The evaluation combined a randomized design with qualitative data collection. AVSI could help no more than 900 people in 60 villages at first - serving 900 already required them to triple their usual capacity. Thus AVSI and IPA held public lotteries with village leaders. 60 villages were selected to participate immediately, while the remaining 60 participated 18 months later. This design allowed for assessing 18-month impacts by comparing women in participating villages to those just about to receive the program.
 
Results:
Economically, the program was transformative. For example:
 
Cash Earnings: Earnings nearly doubled. For the average WINGS beneficiary, monthly cash income increased by UGX 16,211 to 32,692 UGX, a 98% increase over controls. In absolute terms, an increase of UGX 16,211 does not seem large (about $6.50 a month at market exchange rates). However, relative to the average income in the control group, UGX 16,481 ($6.60), it is huge. 
 
Consumption, Assets, and Savings: Participants in the WINGS program had a 33% increase in household spending, a value of UGX 11,741 ($4.72). There is also an increase in wealth, and the results imply that WINGS clients substantially increase their durable assets. Savings for program beneficiaries tripled on average, going from UGX 40,740 ($16.36) to UGX 169,862 ($68.22). 
 
These economic gains, however, were not matched by gains in health or empowerment. In fact, there was almost no effect on non-economic measures. For instance:
 
Physical and mental health: There was no significant difference in psychological distress. Women in both the program and comparison groups reported a reduction in psychological distress over time, which is not surprising because the overall quality of life in northern Uganda improved after war and displacement. Women in the WINGS group did not improve more or faster, however. If anything, they were sick about a half a day more in the previous month.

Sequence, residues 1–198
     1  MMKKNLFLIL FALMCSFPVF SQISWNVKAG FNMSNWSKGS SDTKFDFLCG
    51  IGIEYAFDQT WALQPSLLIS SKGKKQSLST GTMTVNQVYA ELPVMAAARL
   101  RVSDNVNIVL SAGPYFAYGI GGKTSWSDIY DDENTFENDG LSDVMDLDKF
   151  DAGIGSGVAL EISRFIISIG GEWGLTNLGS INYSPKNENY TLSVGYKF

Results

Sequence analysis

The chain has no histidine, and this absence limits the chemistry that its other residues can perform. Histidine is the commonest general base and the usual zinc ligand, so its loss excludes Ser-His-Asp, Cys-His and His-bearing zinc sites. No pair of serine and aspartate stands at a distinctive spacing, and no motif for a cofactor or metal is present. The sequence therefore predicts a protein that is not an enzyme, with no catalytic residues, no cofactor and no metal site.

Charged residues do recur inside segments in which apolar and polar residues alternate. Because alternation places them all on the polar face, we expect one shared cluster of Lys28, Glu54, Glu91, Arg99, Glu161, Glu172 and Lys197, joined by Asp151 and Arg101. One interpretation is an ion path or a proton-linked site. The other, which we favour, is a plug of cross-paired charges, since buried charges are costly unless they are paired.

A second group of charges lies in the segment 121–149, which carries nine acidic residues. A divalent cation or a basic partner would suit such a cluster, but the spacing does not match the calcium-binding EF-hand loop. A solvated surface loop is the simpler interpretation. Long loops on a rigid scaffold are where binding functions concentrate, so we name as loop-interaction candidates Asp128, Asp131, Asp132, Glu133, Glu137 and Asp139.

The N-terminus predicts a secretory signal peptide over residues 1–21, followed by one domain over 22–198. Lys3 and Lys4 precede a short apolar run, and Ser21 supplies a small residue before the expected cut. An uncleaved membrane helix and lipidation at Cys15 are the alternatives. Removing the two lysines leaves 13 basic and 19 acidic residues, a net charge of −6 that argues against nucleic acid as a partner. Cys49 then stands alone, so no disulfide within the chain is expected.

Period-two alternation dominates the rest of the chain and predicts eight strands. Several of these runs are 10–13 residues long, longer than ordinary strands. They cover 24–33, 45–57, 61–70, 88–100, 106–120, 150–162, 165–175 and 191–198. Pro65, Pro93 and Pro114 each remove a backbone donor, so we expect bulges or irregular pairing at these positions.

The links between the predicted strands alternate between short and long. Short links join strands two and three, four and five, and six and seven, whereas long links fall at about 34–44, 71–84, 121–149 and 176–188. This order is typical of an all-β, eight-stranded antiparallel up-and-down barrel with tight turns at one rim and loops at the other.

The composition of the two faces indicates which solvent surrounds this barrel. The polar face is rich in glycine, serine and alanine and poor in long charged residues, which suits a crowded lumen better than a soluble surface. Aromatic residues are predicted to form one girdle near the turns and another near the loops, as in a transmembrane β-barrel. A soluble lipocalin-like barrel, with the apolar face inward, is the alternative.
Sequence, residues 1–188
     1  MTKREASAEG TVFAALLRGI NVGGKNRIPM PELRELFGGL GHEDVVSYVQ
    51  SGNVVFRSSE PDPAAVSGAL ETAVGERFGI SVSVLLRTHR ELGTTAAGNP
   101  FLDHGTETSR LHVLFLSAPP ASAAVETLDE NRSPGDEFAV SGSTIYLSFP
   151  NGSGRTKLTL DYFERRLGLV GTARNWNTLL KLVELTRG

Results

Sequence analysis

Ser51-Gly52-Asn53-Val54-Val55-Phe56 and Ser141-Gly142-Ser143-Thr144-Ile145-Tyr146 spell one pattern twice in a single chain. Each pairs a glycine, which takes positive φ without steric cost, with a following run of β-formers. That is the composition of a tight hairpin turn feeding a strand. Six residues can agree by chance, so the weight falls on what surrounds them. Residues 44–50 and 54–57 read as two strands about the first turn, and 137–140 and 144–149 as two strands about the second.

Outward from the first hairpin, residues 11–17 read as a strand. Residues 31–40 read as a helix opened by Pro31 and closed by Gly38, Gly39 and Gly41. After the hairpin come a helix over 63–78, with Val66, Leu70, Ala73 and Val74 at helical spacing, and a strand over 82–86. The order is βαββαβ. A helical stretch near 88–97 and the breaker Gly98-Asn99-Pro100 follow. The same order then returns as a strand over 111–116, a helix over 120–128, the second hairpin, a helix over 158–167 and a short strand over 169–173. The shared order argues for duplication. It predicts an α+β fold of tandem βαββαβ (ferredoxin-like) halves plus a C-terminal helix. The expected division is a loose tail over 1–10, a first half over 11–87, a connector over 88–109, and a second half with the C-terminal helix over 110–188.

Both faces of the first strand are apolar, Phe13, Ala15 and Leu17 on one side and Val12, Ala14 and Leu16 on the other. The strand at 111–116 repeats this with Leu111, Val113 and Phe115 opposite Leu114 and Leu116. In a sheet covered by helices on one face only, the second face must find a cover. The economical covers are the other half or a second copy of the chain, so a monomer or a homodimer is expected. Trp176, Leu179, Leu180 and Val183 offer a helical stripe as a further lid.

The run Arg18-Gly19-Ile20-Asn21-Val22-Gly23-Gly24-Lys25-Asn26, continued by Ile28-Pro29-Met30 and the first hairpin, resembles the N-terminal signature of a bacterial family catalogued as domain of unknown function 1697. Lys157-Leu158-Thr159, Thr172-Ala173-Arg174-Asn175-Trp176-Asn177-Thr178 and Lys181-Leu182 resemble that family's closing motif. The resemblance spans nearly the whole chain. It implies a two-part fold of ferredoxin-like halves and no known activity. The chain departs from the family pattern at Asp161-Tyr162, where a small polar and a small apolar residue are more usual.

Child investments: Woman are often targeted by anti-poverty programs because they are believed to be more likely than men to use the profits to benefit the household, especially children’s education and health. Women in the program spent slightly more on children’s health and education, but there was no corresponding improvement in children’s health status or school enrollment, at least after 18 months.
 
Empowerment: The conventional wisdom also assumes that lending to women will enhance their status in the household. Data from this study, however, showed no evidence of resulting empowerment for women in household decision-making, independence, gender attitudes, or rates of intimate partner violence. This pattern has been seen before, and is often referred to as the “impact-paradox.” 
 
Overall, the WINGS program impacted women’s economic standing significantly, but the data show that translating these gains into improvements in psychological health, physical health, or empowerment is more complex.
 
For more, you can read a first person account of the project on the Freakonomics Blog.

Ultra Poor Graduation Pilot in Ghana

Can an intensive package of support lift the ultra poor out of extreme poverty to a more stable state? This 24-month program provides beneficiaries with a holistic set of services including: livelihood trainings, productive asset transfers, consumption support, savings plans, and healthcare. By investing in this multifaceted approach, the program strives to eliminate the need for long-term safety net services. Spanning seven countries on three continents, the Ultra Poor Graduation program is being piloted around the globe. IPA is conducting randomized evaluations  in IndiaPakistanHondurasPeruEthiopiaYemen, and Ghana to understand the impact of this innovative model.

Policy Issue:

Households well below the poverty-line face an interrelated set of challenges, each of which colludes to keep families in extreme poverty. These families are food insecure, do not have access to financial services, have few assets, savings, and inadequate access to healthcare, and often cannot afford education for children or need children to work. Without many opportunities or tools with which to change their situation, these households are vulnerable to shocks, such as bad harvests, and often dependent on charitable or government services for basic food support during lean seasons.